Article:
STATELINE, Nev. – Even now, five weeks after the Warriors traded Jordan Poole, opinions keep rolling out, perhaps none stronger than the reaction expressed by the ever-audacious Charles Barkley.
“They hated Jordan Poole,” Barkley said in a recent conversation with NBC Sports Bay Area. “They really hated Jordan Poole. “That’s the No. 1 thing I said to myself: They really hated Jordan Poole.”
Barkley genuinely was surprised, perhaps even shocked. The Warriors were sending away a 24-year-old with star potential, someone who had helped them win the NBA Finals year earlier, and welcoming a 38-year-old nearing the end of his career. To be fair, Golden State’s decision – which followed considerable internal debate – initiated a palpable degree of puzzlement around the league.
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Barkley’s belief that the Warriors “hated” Poole is, however, based less on facts than his own opinion.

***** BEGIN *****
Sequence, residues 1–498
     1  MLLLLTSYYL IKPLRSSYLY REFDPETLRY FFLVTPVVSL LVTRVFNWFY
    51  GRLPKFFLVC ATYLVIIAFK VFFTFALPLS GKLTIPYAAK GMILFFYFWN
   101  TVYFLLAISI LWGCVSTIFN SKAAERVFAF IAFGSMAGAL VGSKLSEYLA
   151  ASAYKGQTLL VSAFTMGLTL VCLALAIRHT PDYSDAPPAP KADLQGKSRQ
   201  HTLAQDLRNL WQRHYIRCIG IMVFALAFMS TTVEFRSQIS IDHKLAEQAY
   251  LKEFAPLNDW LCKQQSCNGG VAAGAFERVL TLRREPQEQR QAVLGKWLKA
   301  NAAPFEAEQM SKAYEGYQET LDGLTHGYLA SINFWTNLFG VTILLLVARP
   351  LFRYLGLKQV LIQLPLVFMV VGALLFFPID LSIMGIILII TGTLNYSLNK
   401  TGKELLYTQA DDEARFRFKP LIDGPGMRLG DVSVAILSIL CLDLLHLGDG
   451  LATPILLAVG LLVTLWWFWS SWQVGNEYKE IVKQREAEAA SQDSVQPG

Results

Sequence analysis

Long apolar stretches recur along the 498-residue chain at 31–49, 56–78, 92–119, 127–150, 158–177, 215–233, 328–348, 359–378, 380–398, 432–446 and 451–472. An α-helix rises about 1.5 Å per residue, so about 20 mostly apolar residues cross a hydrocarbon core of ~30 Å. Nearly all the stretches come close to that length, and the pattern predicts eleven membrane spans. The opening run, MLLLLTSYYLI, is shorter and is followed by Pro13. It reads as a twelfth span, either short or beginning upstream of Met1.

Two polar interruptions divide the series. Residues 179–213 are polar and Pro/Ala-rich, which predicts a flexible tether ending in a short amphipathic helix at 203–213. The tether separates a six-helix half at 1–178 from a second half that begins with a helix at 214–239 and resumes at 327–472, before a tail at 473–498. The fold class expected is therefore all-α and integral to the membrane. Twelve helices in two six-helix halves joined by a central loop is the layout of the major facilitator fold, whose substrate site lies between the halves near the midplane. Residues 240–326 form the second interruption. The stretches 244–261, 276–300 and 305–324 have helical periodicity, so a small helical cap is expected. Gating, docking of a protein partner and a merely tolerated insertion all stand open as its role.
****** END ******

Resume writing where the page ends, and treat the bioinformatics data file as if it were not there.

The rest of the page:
“Jordan, we can’t thank him enough for his contributions,” general manager Mike Dunleavy told reporters this month in Las Vegas. “We wouldn’t have a banner if it weren’t for him. He gave us everything he had for four years.
“We really appreciate what Jordan gave us. Told him he’ll always be a Warrior, always welcomed back.”
Some executives were not big supporters of sending Poole out, particularly knowing he would be swapped out for someone with so little remaining career.
Golden State Warriors
But, honestly, there was growing disenchantment with Poole last season. For all the offensive fireworks he was capable of, he too often strayed from the collective. His tendency to go solo too often – sometimes with disastrous results – disrupted the offensive principles required for building and refining a unit, rankling both teammates and coaches.
Trading Poole was not easy, but the principals at Chase Center believed it was necessary to return the Warriors back among the league’s elite – while also providing salary-cap relief beyond next season.
Furthermore, there is the belief that the trade to Washington will give Poole an opportunity to establish himself as a starting guard who can prosper as his team’s primary offensive catalyst.
“This is going to be a chance for him to reset,” Barkley conceded. “He had a tough year. He was peaks and valleys, so he needed a fresh start. I hope it works out for him.”
The Warriors, by and large, share that sentiment.